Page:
WOLFVILLE, N.S. — Toronto Raptor Kyle Lowry congratulated students for navigating their studies through the COVID-19 pandemic as he received an honorary doctorate from Nova Scotia’s Acadia University on Sunday.
Lowry, a point guard with the Raptors and an Olympic gold medallist, received the honorary doctorate of humanities during the university's virtual spring convocation. Although Lowry is from Philadelphia, Pa., he has referred to Canada as his adoptive country.
He addressed Sunday's ceremony in a recorded video, during which he said he is honoured to receive the degree. He spoke about his upbringing in north Philadelphia, calling it "one of the toughest places in America to grow up."
"According to the statistics, I shouldn't be here with you today," Lowry said, referring to the violence in his hometown. He said he overcame the hardships with the help of his family and other important figures in his life.
"Today, I can humbly say and I can humbly confess that I am not standing where I am on my own volition," Lowry said. "Success cannot be obtained without struggle, and it definitely cannot be accomplished alone."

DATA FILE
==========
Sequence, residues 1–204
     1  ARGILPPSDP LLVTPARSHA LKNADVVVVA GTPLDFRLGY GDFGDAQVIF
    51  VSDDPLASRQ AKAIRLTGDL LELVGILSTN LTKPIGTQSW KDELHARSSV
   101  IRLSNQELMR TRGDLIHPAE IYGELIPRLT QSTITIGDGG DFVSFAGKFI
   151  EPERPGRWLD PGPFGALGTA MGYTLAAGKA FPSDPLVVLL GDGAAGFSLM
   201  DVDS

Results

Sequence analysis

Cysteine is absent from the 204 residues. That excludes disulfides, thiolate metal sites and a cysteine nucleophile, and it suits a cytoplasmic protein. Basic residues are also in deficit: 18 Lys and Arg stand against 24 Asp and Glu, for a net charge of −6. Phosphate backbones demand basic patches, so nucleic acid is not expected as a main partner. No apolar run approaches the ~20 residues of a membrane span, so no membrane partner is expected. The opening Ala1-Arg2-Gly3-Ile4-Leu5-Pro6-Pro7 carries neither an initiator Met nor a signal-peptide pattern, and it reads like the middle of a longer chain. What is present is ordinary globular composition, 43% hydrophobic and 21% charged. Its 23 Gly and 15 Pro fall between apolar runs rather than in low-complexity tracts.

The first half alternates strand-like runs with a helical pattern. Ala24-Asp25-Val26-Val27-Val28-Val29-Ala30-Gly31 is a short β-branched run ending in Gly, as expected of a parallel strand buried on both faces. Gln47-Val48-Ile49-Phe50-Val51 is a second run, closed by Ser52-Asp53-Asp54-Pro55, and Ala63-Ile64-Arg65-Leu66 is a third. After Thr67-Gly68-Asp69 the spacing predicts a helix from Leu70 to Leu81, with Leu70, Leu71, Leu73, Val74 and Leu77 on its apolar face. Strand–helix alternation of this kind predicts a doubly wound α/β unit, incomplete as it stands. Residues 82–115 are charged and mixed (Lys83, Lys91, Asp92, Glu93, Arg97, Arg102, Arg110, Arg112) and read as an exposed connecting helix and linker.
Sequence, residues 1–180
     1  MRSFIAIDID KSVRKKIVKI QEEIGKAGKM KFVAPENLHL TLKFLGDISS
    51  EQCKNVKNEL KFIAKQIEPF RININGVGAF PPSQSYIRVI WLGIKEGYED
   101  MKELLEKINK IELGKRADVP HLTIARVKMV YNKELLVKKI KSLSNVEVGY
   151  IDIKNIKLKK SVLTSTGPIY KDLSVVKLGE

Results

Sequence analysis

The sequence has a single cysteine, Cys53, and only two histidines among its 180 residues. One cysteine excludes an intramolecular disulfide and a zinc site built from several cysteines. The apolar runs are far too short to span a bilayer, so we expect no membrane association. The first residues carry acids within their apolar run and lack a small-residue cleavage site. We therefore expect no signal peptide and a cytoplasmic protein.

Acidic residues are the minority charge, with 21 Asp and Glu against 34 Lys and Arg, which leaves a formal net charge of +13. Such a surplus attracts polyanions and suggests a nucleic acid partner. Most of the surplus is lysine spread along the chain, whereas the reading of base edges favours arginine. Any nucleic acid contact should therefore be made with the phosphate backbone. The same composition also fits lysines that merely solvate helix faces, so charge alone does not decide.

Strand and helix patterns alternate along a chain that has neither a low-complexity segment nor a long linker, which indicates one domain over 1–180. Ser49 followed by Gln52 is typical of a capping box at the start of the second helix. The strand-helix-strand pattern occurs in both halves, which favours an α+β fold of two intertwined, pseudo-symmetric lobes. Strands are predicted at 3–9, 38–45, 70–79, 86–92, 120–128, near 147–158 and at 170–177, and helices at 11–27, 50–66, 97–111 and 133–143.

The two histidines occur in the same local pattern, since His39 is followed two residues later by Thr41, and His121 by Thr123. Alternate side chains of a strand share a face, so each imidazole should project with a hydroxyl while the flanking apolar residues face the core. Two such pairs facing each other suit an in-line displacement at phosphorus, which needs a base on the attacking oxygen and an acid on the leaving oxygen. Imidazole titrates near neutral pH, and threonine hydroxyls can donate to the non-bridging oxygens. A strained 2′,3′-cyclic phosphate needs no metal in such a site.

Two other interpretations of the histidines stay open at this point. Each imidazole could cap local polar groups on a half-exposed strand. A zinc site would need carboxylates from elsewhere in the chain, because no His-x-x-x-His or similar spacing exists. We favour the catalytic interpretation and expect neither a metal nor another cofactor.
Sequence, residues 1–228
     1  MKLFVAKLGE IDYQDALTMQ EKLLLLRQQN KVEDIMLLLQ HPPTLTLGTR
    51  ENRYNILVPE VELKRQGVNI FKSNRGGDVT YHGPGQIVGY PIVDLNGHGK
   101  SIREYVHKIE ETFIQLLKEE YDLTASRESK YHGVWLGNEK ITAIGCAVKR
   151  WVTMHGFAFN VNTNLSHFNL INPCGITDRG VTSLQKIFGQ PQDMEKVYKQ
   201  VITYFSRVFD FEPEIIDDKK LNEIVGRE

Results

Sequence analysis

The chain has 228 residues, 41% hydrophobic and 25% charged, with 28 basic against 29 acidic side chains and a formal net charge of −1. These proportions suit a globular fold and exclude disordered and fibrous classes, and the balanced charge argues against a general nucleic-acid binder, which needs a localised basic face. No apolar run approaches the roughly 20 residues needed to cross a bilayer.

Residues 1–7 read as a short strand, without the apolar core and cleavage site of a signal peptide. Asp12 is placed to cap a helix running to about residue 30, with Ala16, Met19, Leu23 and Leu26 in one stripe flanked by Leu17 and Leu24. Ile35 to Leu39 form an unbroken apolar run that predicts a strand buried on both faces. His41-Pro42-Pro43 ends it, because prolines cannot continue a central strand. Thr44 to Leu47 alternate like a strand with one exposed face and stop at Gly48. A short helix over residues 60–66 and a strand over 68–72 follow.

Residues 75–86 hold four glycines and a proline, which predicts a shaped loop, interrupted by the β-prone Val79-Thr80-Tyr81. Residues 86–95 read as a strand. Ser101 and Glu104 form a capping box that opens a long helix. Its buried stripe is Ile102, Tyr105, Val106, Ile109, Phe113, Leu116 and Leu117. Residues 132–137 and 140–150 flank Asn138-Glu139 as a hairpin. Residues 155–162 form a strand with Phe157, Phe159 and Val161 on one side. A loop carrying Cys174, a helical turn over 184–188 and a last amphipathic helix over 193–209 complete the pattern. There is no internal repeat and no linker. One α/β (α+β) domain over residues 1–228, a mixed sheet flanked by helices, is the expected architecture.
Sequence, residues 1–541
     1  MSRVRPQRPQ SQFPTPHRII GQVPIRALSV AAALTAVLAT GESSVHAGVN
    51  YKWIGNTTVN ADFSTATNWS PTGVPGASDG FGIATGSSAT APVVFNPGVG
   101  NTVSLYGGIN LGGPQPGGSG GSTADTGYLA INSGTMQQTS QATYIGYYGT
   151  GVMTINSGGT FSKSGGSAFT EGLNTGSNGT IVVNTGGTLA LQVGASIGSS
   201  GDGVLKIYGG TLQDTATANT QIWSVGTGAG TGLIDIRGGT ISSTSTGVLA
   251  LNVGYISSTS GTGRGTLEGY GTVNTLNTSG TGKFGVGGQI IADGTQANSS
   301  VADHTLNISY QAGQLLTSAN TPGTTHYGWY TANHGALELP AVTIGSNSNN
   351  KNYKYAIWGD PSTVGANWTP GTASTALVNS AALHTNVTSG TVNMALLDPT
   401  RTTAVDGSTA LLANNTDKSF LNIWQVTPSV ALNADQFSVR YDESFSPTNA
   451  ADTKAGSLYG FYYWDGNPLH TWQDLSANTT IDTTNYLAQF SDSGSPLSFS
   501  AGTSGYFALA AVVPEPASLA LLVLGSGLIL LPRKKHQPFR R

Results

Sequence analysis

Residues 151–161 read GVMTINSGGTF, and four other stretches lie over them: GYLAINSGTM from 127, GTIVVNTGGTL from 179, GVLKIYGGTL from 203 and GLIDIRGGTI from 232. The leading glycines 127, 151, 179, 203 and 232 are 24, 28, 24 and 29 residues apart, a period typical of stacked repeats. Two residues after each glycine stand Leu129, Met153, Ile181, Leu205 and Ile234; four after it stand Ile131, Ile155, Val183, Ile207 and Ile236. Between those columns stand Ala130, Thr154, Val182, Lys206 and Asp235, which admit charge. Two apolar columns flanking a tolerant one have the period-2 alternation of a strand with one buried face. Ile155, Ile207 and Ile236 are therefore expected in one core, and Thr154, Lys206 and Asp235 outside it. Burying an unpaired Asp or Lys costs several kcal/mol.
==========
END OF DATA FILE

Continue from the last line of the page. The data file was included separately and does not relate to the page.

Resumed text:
The NBA player asked this year's graduates to think about how they plan to serve their communities as they move on to a new stage of life.
"How will you serve? How will you pay it forward? What will be your impact in your community? And how will you be a change agent for the next generation? If we do not, then who will?" he said.
Lowry was bestowed the degree for his achievements in the basketball world and for his charitable work, the university said in a news release. Some of that philanthropy includes the creation of the Lowry Love Foundation, which he founded with his wife, Ayahna Cornish-Lowry, to help disadvantaged families in Toronto and Philadelphia.
His athletic accomplishments include helping Canada’s only NBA franchise win a championship in 2019 and being part of the gold medal winning U.S. men's basketball team during the 2016 Olympics.
The other honorary doctorate recipients from Acadia University this year include former prime minister Paul Martin, Nova Scotia chief medical officer Dr. Robert Strang and former Canadian senator Murray Sinclair.
This report by The Canadian Press was first published May 10, 2021.
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This story was produced with the financial assistance of the Facebook and Canadian Press News Fellowship.